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Climate change nearing point of no return
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Scientists warn of irreversible climate catastrophe

The Caribbean is on the verge of a climate catastrophe and needs “urgent action on all levels,” warned Jamaican scientist Conrad Douglas.

Douglas participated in a meeting of environmental policies experts on May 15-16 in Charlestown, St Kitts and Nevis, organized by the United Nations Educational, Scientific and Cultural Organization (UNESCO).

The scientists agreed that time has nearly run out and measures against climate change must be taken immediately before it is too late.

Alarmingly, the amount of carbon dioxide — one of the greenhouse gases that cause global warming — in the atmosphere has risen to the point that it could cause a climate catastrophe. CO2 levels could become potentially disastrous and endanger our species within two years.

The Caribbean islands are at risk of disappearing due to rising sea levels, a 2010 study by Oxford University revealed.

“We are heading towards a dangerous place on planet Earth”, warned Douglas, who has published over 350 reports on environmental topics. 

John Crowley, UNESCO representative, said that due to the excessive use of inorganic fertilizers the nitrogen cycle has become unbalanced. Crowley added that this might have “potentially irreversible and catastrophic consequences that will make us rethink the agricultural system, including the use of fertilizers.”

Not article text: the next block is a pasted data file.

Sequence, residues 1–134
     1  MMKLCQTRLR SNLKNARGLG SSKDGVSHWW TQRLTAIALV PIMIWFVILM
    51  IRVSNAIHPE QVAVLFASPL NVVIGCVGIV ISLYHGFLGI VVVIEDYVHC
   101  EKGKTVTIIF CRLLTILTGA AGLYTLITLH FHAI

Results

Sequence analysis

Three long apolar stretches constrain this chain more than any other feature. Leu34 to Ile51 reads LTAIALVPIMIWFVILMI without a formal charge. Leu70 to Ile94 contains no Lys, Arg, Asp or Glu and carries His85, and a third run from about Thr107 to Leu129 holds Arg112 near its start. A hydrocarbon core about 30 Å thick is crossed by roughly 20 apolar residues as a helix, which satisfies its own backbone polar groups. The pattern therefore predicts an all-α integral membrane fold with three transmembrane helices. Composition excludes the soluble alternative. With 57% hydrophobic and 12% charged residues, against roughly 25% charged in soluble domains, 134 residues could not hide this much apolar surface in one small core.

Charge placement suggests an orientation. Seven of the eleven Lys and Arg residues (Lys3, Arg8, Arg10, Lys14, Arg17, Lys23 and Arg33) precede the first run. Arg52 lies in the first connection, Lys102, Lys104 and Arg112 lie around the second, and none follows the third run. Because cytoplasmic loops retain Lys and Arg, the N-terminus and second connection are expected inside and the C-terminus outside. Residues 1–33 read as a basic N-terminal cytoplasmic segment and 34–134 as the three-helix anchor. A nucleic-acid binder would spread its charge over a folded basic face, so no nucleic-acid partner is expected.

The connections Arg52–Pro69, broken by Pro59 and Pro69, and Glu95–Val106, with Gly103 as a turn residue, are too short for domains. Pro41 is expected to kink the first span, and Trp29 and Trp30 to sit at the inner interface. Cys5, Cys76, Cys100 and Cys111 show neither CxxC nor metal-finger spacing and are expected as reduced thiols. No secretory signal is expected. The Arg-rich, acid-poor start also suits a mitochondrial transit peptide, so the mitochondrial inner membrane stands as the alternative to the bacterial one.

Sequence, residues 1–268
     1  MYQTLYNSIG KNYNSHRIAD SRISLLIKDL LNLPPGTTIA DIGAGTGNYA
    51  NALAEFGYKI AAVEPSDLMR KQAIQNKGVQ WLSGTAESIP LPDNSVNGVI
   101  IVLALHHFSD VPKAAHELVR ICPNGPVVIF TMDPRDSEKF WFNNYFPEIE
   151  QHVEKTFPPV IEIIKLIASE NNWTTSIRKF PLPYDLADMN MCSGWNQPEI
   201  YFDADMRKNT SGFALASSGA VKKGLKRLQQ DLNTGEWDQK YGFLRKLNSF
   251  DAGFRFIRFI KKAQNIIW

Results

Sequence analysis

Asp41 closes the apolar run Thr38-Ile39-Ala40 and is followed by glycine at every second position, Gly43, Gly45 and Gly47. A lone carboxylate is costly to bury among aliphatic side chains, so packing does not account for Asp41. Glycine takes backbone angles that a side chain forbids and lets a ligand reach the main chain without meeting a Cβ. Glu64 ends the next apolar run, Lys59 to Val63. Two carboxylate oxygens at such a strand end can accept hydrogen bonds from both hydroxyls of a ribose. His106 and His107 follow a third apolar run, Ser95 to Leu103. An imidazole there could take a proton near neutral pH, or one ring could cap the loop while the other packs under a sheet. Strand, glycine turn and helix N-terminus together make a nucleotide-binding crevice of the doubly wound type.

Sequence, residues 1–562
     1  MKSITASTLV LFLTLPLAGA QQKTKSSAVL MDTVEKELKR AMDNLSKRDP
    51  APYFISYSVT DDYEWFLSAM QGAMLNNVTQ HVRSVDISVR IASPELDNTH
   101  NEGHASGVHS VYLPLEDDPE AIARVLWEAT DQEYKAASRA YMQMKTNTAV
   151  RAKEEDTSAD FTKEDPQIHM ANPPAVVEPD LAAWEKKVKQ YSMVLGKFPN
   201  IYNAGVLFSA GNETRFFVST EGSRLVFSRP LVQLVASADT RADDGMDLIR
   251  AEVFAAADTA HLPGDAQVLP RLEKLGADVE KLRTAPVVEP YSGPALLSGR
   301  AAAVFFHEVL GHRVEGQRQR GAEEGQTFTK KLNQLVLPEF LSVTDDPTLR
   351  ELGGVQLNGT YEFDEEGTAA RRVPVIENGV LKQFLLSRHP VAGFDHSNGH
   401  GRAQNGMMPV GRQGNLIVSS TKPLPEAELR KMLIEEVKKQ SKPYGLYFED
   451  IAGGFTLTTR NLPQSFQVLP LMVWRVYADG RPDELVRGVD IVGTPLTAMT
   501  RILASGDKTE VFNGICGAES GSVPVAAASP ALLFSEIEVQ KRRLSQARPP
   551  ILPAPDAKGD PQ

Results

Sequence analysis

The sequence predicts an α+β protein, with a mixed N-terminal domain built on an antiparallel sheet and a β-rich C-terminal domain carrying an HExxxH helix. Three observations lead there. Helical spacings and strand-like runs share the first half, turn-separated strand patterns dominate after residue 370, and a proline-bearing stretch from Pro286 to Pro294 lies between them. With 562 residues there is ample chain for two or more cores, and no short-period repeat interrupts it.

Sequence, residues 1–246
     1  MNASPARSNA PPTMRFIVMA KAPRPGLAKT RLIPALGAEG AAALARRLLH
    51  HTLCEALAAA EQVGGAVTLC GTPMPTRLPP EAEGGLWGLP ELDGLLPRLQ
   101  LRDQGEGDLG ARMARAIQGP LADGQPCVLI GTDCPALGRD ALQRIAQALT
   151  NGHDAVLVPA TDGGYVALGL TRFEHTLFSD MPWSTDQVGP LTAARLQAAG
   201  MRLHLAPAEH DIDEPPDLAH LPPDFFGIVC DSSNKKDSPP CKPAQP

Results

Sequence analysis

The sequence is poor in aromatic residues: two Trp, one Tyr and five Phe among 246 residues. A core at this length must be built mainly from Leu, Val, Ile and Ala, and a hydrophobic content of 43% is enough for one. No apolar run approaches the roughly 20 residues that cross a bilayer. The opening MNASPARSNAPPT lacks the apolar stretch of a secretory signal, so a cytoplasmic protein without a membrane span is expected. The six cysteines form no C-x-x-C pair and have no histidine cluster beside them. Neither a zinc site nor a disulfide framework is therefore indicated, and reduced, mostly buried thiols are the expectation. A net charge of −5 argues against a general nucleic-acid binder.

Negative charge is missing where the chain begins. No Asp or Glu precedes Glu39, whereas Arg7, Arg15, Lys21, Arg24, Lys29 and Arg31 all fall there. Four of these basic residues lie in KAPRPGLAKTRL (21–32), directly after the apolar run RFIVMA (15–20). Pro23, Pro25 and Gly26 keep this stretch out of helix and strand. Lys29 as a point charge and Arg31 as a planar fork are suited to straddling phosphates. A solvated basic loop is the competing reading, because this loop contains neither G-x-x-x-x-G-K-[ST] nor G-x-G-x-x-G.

Marcus Natta, projects analyst of the Ministry of Sustainable Development of St Kitts and Nevis, spoke of this very promising meeting adding that “the particular importance of this conference was that it concentrated on action. I think that in contrary to many other meetings, this time we can really concentrate on actions that come after the plan and we will have great success.”

The small islands of St Kitts and Nevis are considered one of the last paradises on earth that still represent the wonders of the Caribbean. Douglas stated the hope that the measures that were decided on at the reunion will preserve the animal and plant diversity on these islands.

The scientist added that “it’s our attitudes, values and the failure to change our behavior that brought us to this critical point.” Douglas pointed out that it is not only about the environment since climatic change would also allow regions like the Caribbean to fall into "a perpetual cycle of poverty and misery.”

2012 was not only the hottest year in recent history, it also brought along many natural disasters such as hurricane Sandy from which many countries in Northern and Central America have still not recovered. With continuous climate change, hurricanes like this will become much more frequent and dangerous all over the world, according to the United Nations Environment Program.
—Latinamerica Press.

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Latinamerica Press / Noticias Aliadas
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